Monday, October 31, 2011
Business Incorporation - Why It Is Necessary
When starting a business, the first step should always be to first determine the best ways to protect yourself and your assets from being lost due to unforeseen problems and challenges that could come up when operating a business.
The first and most important step is business incorporation. Business incorporation involves setting up a separate legal entity to be the operator of the business. You can be an owner of the entity and you can also be actively involved as a director, officer and agent of the business. When you incorporate, it is the corporation that is party conducting the business. When you are representing the business, you are acting as an agent or employee. What this does is it creates a layer of protection between you personally and the business activity.
It is business activity that can give rise to liability. Lets say your business enters into a supplier contract and there is a dispute. Or, another example might be if your business has a store and someone slips and falls. Or, say you have a rogue employee who sues the business for wrongful termination. In all these cases, the party that needs to address the dispute is the legal entity business. Without business incorporation, it would be you personally who would be the target of the problems.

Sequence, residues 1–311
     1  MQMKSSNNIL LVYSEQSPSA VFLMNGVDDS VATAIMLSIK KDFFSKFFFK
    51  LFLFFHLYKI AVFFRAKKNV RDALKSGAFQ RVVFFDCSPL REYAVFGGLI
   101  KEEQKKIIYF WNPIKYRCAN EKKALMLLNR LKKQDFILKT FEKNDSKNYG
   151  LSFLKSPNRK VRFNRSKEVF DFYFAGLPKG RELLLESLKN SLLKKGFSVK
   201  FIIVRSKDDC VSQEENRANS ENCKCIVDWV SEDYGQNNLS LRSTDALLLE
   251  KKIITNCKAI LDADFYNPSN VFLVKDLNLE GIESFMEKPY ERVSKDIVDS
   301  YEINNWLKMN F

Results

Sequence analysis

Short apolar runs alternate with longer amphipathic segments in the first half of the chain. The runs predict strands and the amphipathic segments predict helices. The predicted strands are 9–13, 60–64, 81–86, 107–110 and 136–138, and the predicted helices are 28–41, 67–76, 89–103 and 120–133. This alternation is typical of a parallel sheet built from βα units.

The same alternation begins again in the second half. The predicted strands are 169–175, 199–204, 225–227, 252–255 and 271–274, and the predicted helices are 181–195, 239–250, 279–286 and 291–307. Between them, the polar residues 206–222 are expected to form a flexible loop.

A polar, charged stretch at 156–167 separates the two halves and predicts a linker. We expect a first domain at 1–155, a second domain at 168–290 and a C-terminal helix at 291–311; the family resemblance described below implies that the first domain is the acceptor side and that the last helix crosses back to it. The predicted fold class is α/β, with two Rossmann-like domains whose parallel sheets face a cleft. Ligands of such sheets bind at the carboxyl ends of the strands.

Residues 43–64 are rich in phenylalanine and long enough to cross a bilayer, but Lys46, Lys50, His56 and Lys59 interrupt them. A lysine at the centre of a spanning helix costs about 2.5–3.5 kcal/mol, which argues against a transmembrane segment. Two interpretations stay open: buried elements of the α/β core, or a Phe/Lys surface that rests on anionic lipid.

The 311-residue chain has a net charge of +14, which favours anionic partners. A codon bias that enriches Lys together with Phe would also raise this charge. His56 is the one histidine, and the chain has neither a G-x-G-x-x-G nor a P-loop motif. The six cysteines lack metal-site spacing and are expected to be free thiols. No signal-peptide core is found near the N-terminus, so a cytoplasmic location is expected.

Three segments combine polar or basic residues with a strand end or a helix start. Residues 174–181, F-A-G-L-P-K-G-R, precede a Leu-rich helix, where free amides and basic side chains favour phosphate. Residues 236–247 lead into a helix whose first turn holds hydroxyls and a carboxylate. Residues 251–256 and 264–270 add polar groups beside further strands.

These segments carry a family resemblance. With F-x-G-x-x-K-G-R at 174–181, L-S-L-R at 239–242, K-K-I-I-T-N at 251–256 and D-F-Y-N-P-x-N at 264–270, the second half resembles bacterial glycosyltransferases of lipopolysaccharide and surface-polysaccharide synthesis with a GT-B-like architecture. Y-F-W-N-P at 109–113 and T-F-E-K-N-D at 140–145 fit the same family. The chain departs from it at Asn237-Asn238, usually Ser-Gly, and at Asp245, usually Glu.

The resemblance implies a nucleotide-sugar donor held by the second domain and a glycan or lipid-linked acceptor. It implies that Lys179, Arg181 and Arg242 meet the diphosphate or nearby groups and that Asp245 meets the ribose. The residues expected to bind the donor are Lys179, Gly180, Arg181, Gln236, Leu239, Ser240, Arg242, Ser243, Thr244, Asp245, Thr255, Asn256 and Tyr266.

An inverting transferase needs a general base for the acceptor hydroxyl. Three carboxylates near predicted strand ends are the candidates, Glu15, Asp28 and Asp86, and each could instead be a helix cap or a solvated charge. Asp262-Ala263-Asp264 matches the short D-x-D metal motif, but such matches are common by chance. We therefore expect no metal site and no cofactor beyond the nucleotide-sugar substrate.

And, if in the end of any of these kinds of disputes, you are found liable, then your personal assets are at risk for making good on the liability. On the other hand, if you run your business through a separate legal vehicles such as a corporation or a limited liability company, then it is the company's assets that are at risk- but not your personally.
Because business disputes and challenges are inevitable in almost any entrepreneurial venture, this protection is so important. Furthermore, with the substantial rise of small business lawsuits (a trend that is only continuing), this becomes even more essential for business owners.
Business Incorporation can be handled as an administrative matter with the state agency that processes formations. You can handle it yourself but it is critical that you learn all the specific requirements because an improper incorporation can put your liability at risk. Another option is to hire a lawyer or for a more affordable alternative, you can use a reputable incorporation services provider - just make sure they are experienced.
Article Source: http://EzineArticles.com/5808558
Posted by Anonymous at 4:47 AM